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AlgaeBase is a global species database of information on all groups of algae, both marine and freshwater, as well as sea-grass.

History

AlgaeBase began in March 1996,[1][2] founded by Michael Guiry.[3]

By 2005, the database contained about 65,000 names.[4]

In 2013, AlgaeBase and the Flanders Marine Institute (VLIZ) signed an end-user license agreement regarding the Electronic Intellectual Property of AlgaeBase. This allows the World Register of Marine Species (WoRMS) to include taxonomic names of algae in WoRMS, thereby allowing WoRMS, as part of the Aphia database, to make its overview of all described marine species more complete. Synchronisation of the AlgaeBase data with Aphia and WoRMS was undertaken manually until March 2015, but this was very time-consuming, so an online application was developed to semi-automate the synchronisation, launching in 2015 in conjunction with Michael Guiry and the chief programmer of AlgaeBase, Pier Kuipers. After a long phase of further development and testing, the AlgaeBase harvester tool was implemented by the WoRMS data management team in early 2019. Since then, newly-added species in AlgaeBase are added to Aphia and, if marine, to WoRMS as well.[3]

Description

The database is hosted at the National University of Ireland's Ryan Institute, in Galway.[3] It includes about all types of algae,[4] as well as one group of flowering plants, the sea-grasses.[1] Information about each species' taxonomy, nomenclature and distribution is included, and the algae covered include terrestrial as well as marine and freshwater species, such as seaweeds, phytoplankton, and freshwater algae. As of 2019 marine species have the best coverage, and sea-grass is included, although it is a flowering plant rather than an alga.[3]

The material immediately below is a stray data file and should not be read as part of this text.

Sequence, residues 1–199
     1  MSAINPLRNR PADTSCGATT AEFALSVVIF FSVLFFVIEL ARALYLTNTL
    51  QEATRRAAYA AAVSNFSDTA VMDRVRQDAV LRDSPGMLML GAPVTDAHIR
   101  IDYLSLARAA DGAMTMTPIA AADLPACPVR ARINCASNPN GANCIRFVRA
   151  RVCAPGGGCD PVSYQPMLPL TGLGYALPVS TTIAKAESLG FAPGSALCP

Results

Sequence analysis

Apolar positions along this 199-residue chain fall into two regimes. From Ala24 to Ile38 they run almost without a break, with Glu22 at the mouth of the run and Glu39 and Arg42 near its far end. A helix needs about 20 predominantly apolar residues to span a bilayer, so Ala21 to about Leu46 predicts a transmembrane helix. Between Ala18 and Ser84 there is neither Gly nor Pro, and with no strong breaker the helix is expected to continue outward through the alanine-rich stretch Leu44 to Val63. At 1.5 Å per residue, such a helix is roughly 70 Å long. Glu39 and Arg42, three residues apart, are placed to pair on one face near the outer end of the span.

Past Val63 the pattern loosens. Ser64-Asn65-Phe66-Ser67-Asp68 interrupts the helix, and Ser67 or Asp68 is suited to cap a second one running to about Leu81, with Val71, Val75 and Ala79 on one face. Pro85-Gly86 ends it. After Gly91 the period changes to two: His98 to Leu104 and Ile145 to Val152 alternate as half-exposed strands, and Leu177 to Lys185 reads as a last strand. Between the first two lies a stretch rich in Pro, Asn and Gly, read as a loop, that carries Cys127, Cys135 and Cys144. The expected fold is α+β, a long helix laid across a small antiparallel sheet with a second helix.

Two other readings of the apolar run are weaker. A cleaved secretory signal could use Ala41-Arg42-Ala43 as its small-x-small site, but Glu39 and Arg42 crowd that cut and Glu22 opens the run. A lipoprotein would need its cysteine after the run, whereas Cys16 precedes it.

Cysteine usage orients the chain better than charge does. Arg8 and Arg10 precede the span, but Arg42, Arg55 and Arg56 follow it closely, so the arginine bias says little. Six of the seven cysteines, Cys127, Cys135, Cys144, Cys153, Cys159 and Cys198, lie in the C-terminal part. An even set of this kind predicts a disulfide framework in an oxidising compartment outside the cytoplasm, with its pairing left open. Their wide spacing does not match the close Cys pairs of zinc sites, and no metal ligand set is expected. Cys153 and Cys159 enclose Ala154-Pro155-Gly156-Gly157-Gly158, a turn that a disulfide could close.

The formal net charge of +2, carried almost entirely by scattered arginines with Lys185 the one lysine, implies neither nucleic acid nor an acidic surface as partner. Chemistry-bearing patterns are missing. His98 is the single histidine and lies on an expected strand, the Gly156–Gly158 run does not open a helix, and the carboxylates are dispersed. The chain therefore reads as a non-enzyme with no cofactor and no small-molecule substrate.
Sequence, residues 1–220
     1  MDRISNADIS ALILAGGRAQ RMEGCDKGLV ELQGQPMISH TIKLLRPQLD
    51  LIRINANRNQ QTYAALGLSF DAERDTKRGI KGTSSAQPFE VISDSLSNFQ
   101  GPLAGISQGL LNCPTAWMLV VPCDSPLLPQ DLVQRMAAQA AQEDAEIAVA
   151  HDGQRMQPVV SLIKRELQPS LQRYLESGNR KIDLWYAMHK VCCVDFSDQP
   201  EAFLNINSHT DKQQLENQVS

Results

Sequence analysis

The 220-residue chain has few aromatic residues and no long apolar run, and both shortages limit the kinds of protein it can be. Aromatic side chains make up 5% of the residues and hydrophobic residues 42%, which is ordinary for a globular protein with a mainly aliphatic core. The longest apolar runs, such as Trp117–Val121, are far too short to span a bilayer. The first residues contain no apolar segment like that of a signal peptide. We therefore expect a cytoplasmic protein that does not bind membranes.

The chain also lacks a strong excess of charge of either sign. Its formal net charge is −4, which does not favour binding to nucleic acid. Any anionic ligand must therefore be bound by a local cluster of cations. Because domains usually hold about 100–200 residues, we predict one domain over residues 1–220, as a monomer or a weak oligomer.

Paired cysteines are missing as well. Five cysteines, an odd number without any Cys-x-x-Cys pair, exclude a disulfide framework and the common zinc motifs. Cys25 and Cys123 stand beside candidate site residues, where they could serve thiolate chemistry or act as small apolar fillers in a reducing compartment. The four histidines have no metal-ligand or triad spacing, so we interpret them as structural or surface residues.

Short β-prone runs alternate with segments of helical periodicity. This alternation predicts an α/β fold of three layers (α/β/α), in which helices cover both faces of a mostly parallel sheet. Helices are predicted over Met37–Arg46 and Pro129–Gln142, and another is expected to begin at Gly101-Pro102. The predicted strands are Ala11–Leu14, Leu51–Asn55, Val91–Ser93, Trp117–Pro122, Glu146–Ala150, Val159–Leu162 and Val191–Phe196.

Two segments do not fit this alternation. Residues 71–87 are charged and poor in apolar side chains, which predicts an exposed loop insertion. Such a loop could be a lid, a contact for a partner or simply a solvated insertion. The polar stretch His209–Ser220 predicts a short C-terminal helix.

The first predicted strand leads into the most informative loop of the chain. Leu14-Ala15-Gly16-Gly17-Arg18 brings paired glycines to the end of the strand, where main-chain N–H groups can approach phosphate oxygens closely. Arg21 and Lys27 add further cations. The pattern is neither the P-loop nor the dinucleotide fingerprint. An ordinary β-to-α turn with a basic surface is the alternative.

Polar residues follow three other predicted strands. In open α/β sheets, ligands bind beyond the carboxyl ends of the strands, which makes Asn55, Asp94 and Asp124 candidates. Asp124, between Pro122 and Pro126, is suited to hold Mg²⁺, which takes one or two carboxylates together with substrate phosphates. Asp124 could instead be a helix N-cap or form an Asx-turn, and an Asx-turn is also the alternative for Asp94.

As of 2014 there were nearly 17,000 images, and the database was being used by 2,000–3,000 individual visitors each day.[2]

As of 2019, there were about 157,000 species and infraspecies in AlgaeBase.[3]

Support and funding

The compilation of the data was funded by the Irish Government Department of Education and Science's Programme for Research in Third-level Institutions (PRTLI) 2, 3 and 4 programmes, to the Ryan Institute and the Environmental Change Institute, as well as by Atlantic Philanthropies, and the European Union.[5]

The synchronisation between AlgaeBase and Aphia was possible through support of the LifeWatch Species Information Backbone. LifeWatch, the E-Science European Infrastructure for Biodiversity and Ecosystem Research, is a distributed virtual laboratory, which is used for different aspects of biodiversity research.[3]

As of 2022 the main sponsors of the database are the Phycological Society of America, the British Phycological Society, the International Phycological Society, and the Korean Phycological Society. Programming is carried out by Pier Kuipers and Caoilte Guiry, and Michael Guiry. Jonathan Guthrie was responsible for programming much of earlier versions.[1]

References

  1. ^ a b c "About AlgaeBase". Algaebase. 20 March 1996. Retrieved 21 July 2022.
  2. ^ a b Guiry, Michael D.; Guiry, Gwendoline M.; Morrison, Liam; et al. (2014). "AlgaeBase: an on-line resource for algae". Cryptogamie, Algologie. 35 (2): 105–115. doi:10.7872/crya.v35.iss2.2014.105. S2CID 84000242. pdf
  3. ^ a b c d e f "WoRMS and Aphia: a major update for AlgaeBase species". World Register of Marine Species. 19 December 2019. Retrieved 22 July 2022.
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    Text was copied from this source, which is available under a Attribution 4.0 International (CC BY 4.0) licence. (See here).
  4. ^ a b Michael Guiry (2005). "AlgaeBase – listing the world's algae". The Irish Scientist: 74–75. Archived from the original on 29 September 2007.
  5. ^ Guiry, Michael D. (2012). "How many species of algae are there?" (PDF). J. Phycol. Phycological Society of America (48): 1057–1063. doi:10.1111/j.1529-8817.2012.01222.x.

Further reading